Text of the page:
Plus there's something special about walking out of a bike shop with a new bike, instead of inheriting another person's cast-off.
bruised is offline  
Old 06-23-15, 12:29 AM
  #16  
buckgold
Junior Member
Thread Starter
 
Join Date: Jun 2015
Posts: 7
Mentioned: 0 Post(s)
Tagged: 0 Thread(s)
Quoted: 0 Post(s)
Likes: 0
Liked 0 Times in 0 Posts
Absolutely excellent input from you guys and I cannot thank you enough. Genuine thoughtfullness, and actually exactly what I have been thinking myself. I am still debating on a front shock. I probably don't have as long as I'd like to have in the rough and tumble world of mtb'ing. I've ridden a lot though. Did my first Century at 16 with my dad across Ga. on a fair steel frame Raleigh rd. bike. That is why I am familiar with the feel of steel. Steel is all I've ever ridden except for alum. test rides over the yrs., and a few alum. tests lately. My dad's Nashbar sprint road bike is alum. and fast, but kind of jarring. I don't know why, but I love the weight of steel. SMOOTH RIDE. I test rode a Specialized Cross Trail today. 21. in. Fit perfectly. Ahhh. Nice. Wasn't steel tho. However, the shop I was in is a Surley dealer. Weighing all my options. I'm digging in. Analyzing every word from replies. I hear you! Thanks. I'll be in touch with you guys. I cannot wait to get on my next bike! Patience. Patience. Hmm. . Build, or BUY. I get it. The long run.
buckgold is offline  
Old 06-23-15, 10:59 AM
  #17  
Duke of Kent
Senior Member
 
Duke of Kent's Avatar
 
Join Date: Jul 2005
Location: Blacksburg, VA
Posts: 4,850

Bikes: Yeti ASRc, Focus Raven 29er, Flyxii FR316

Mentioned: 0 Post(s)
Tagged: 0 Thread(s)
Quoted: 17 Post(s)
Likes: 0
Liked 0 Times in 0 Posts
Originally Posted by Wilfred Laurier View Post
Yes. Depends on tires mostly. 29" is actually a marketing term for 700C - the standard road and hybrid tire size. Any tire you can put on most road, touring, or hybrid bikes can also go on a 29er (unless the tires are narrower than the rims).

edit:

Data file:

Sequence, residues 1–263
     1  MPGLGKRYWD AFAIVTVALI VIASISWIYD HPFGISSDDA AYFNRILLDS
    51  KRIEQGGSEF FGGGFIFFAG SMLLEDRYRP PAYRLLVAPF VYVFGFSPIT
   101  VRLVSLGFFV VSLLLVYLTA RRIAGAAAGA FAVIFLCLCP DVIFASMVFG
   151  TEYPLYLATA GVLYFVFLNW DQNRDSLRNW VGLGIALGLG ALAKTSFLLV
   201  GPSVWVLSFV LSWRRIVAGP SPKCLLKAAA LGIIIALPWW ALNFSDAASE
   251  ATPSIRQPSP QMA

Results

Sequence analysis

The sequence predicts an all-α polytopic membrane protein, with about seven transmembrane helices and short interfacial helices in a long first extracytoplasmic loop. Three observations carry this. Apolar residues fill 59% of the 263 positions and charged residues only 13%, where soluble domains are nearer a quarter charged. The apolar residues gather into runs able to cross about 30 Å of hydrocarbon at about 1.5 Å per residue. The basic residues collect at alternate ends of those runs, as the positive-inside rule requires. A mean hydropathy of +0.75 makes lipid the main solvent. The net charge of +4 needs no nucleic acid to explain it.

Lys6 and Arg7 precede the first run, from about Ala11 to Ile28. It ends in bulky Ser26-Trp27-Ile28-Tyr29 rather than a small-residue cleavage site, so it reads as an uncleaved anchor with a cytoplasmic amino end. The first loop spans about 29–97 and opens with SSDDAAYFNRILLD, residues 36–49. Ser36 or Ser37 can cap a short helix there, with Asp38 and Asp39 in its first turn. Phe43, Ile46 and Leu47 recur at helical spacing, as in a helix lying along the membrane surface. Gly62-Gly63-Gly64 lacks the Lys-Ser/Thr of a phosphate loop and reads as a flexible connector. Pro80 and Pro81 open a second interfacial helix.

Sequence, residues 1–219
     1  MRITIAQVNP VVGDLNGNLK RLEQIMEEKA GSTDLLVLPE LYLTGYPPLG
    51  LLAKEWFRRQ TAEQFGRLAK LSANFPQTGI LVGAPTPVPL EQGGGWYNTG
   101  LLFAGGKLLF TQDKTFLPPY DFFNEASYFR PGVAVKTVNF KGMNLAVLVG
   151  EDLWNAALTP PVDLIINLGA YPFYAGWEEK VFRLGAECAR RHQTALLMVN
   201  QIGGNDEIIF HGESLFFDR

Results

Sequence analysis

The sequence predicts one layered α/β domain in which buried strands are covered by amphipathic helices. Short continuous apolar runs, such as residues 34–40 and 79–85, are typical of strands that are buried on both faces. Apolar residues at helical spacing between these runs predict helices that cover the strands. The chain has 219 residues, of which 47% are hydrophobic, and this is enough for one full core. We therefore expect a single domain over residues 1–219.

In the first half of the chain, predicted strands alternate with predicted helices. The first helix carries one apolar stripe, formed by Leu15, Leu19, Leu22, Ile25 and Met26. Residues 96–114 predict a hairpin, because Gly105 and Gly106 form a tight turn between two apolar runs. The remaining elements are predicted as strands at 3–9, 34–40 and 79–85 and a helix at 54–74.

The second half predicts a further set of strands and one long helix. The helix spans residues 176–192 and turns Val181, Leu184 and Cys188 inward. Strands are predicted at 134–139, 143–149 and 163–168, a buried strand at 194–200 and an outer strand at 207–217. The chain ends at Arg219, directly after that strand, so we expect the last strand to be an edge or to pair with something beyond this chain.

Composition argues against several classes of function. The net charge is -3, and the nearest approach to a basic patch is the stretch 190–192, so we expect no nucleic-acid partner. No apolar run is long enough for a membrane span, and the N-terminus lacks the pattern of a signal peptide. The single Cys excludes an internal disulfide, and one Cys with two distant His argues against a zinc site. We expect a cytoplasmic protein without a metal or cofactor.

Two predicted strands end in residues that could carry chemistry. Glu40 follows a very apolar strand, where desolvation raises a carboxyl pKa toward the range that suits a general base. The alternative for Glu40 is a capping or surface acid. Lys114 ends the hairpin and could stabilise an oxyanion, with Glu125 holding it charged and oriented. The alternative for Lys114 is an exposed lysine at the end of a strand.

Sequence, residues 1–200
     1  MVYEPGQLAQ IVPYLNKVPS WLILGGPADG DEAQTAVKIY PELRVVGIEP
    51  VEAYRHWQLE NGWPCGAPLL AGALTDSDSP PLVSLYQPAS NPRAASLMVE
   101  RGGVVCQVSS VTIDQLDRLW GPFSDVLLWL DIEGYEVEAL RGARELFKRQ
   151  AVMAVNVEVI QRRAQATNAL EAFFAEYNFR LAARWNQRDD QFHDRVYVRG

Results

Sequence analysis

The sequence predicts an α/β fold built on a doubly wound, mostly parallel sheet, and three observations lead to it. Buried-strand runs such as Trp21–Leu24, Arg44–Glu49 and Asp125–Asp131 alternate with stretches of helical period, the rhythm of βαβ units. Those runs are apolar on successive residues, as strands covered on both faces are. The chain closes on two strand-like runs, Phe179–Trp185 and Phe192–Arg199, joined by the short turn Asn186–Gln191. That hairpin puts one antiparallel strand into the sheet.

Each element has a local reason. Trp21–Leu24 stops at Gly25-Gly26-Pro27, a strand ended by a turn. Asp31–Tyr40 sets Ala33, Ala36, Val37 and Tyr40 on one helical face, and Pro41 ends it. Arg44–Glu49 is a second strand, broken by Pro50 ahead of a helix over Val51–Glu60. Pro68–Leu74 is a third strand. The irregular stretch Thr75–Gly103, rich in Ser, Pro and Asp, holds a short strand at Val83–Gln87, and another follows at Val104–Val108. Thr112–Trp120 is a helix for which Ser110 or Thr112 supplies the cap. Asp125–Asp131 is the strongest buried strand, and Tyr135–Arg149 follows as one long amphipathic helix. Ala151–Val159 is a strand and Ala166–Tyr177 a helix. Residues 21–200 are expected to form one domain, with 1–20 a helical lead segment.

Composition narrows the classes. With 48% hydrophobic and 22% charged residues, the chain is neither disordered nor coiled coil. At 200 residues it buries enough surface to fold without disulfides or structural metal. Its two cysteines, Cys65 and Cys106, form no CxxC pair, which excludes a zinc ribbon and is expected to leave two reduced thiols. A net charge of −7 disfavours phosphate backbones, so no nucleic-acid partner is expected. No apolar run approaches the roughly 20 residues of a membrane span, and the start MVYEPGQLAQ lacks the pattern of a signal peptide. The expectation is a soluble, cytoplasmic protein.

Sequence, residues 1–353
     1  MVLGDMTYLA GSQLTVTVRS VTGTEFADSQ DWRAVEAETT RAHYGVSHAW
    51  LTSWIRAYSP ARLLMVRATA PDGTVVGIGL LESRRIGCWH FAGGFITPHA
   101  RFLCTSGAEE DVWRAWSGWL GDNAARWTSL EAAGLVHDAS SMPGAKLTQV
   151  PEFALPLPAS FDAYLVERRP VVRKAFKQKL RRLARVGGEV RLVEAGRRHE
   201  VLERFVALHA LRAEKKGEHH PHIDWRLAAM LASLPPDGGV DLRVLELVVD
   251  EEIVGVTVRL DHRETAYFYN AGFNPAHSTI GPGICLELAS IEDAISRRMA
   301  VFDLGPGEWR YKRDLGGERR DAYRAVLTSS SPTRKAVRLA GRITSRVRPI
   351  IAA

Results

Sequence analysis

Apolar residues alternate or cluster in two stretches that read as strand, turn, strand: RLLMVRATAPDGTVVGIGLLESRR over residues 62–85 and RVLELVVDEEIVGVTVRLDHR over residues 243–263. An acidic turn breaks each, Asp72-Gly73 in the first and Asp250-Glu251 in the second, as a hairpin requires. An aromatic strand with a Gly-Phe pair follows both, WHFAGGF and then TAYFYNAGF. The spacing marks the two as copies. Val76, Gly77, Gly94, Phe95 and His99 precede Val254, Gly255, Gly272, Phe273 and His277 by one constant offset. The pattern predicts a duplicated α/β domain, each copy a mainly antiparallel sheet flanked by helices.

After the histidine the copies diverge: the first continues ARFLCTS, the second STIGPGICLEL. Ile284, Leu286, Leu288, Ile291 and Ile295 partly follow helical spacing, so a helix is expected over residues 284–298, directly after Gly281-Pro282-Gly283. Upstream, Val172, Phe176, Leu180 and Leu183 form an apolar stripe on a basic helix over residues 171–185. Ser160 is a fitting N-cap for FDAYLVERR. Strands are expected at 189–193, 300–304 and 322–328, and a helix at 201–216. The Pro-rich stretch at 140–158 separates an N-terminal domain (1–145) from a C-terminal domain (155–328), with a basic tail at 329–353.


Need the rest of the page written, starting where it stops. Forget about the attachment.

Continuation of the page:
You can ride 40 miles on any properly functioning bike that fits. I used to ride my rigid 26" wheel mtb to the next town to begin my trail ride.
Sort of. It's an approximation of the tire diameter when mounted and inflated.

Just like 28" for road tires in Europe.

Most road bikes, 29er mountain bikes, etc all use 700c rims. 700c is a French designation for the 622mm ETRTO rim standard.

Tire dimension, as printed on every tire I've ever seen, like "22-622" or "622x55" indicate the rim ETRTO (622mm) plus the width (22mm, or 55mm, or whatever) of the tires once mounted and inflated on them.

Some good links from Sheldon Brown:

Tire Sizing Systems

622 mm - 700c - 29 inch Bicycle Rims from Harris Cyclery
Duke of Kent is offline  
Related Topics
Thread
Thread Starter
Forum
Replies
Last Post
stringmaster
Bicycle Mechanics
2
04-29-16 06:50 AM
Fly2High
Training & Nutrition
3
06-11-15 07:09 PM
jvm051
Road Cycling
58
01-18-09 06:25 PM
c_bake
Road Cycling
7
12-29-08 03:22 AM

Posting Rules
You may not post new threads
You may not post replies
You may not post attachments
You may not edit your posts

BB code is On
Smilies are On
[IMG] code is On
HTML code is Off


Thread Tools
Search this Thread

Contact Us - Archive - Advertising - Cookie Policy - Privacy Statement - Terms of Service

Copyright © 2018 MH Sub I, LLC dba Internet Brands. All rights reserved. Use of this site indicates your consent to the Terms of Use.